Protecting the parts is vital09 October 2014 | Lester Barratt
The UK automotive sector is having its moment, and helping to lead the recovery of Europe’s car market. According to the Society of Motor Manufacturers & Traders (SMMT), the UK market recorded its 31st month of growth in September. While this may partly be driven by a strengthening economy, maximising effectiveness and efficiency throughout the supply chain is also helping that growth.
Over the years, one aspect of the supply chain that has been a concern is the issue of damage to parts or vehicles while in transit, often due to a lack of proper packaging. However, OEMs are increasingly using protective packaging to help minimise the level of damage, and their operational costs.
The issue of packaging can easily be overlooked by manufacturers – who are often more concerned with production line efficiency – but it is used initially during the transport of parts, and then extensively in the aftersales market when parts are replaced, repaired and serviced. Packaging is also used for the delivery of machine tool parts and production line equipment. The majority of these parts will be fragile, and have high value. Damage can occur during storage, handling and transport, even down to the last few feet. This can include anything from surface scratches, to vibration disrupting electronic circuits or bearing alignment, or even parts breaking after being dropped.
The logistics industry is so reliant on just-in-time (JIT) and lean six sigma approaches, but the cost of damage during the supply chain can easily escalate beyond the original value of a part, and lead to hours or days of unscheduled downtime. Damaged parts can cause severe delays throughout the entire supply chain, which means missed deadlines and low levels of customer satisfaction, something which manufacturers naturally want to avoid.
Protective packaging can certainly help to reduce damage to parts and equipment, but the huge range of part size, shape, fragility and weight can makes things difficult. It needs to be fit for purpose, and able to protect even the most fragile part. An off-the-shelf solution just won’t work.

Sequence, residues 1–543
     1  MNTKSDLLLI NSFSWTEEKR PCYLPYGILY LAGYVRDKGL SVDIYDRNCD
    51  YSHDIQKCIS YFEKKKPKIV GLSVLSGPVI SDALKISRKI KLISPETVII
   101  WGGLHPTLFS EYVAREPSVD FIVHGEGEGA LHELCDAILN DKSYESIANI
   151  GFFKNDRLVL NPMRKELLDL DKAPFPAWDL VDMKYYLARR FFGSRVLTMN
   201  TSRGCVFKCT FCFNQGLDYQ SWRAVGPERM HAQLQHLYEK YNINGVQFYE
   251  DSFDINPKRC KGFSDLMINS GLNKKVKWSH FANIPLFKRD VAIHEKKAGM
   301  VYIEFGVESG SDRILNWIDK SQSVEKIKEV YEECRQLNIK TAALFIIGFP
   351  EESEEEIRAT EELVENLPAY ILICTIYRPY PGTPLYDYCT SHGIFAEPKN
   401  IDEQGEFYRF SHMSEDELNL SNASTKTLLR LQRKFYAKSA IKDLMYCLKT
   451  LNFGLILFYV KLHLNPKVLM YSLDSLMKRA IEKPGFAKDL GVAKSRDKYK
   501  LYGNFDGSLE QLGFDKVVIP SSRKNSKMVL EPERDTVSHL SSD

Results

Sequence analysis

For the part being transported, protective packaging needs to be bespoke, which can often mean expensive outlays and lengthy consultations, but continuing advances in protective packaging technology means this doesn’t always have to be the case.
‘Packaging Value Analysis’, a design process developed by Sealed Air, analyses the size, weight and shape of a part, and the impacts that could occur throughout the supply chain. Stresses and impacts are evaluated in line with the fragility of an object, and how its performance may be affected. This can involve anything from drop tests, to vibration tests. From here, a packaging material that will optimise the process is selected, focusing on minimising packaging volume, but maximising the protection, to allow more parts to be shipped, and also reduce costs.
Packaging material needs to be compatible with the parts it is protecting, including maintaining high-quality surface finishes. Parts made from chrome or other abrasion-sensitive finishes will benefit from a soft-touch solution that will hold parts in place, but with minimal friction. For lighter parts, paper packaging or inflatable air cushions can be effective, while heavier and complex parts may require foam-in-place packaging, which can mould to a part’s irregular shape and can be re-used in reverse logistics.
To establish an effective protective packaging process, collaboration and communication is key. The basic steps OEMs can take to stabilise packaged parts can make a significant difference in reducing damage and cost. However, protective packaging goes beyond cost reduction, helping to avoid unscheduled downtime and lengthy delays, especially in the aftercare and repairs markets where consumers are becoming increasingly demanding. For a market returning to strength, it can prove invaluable.
Lester Barratt is international key account manager at Sealed Air, a global packaging company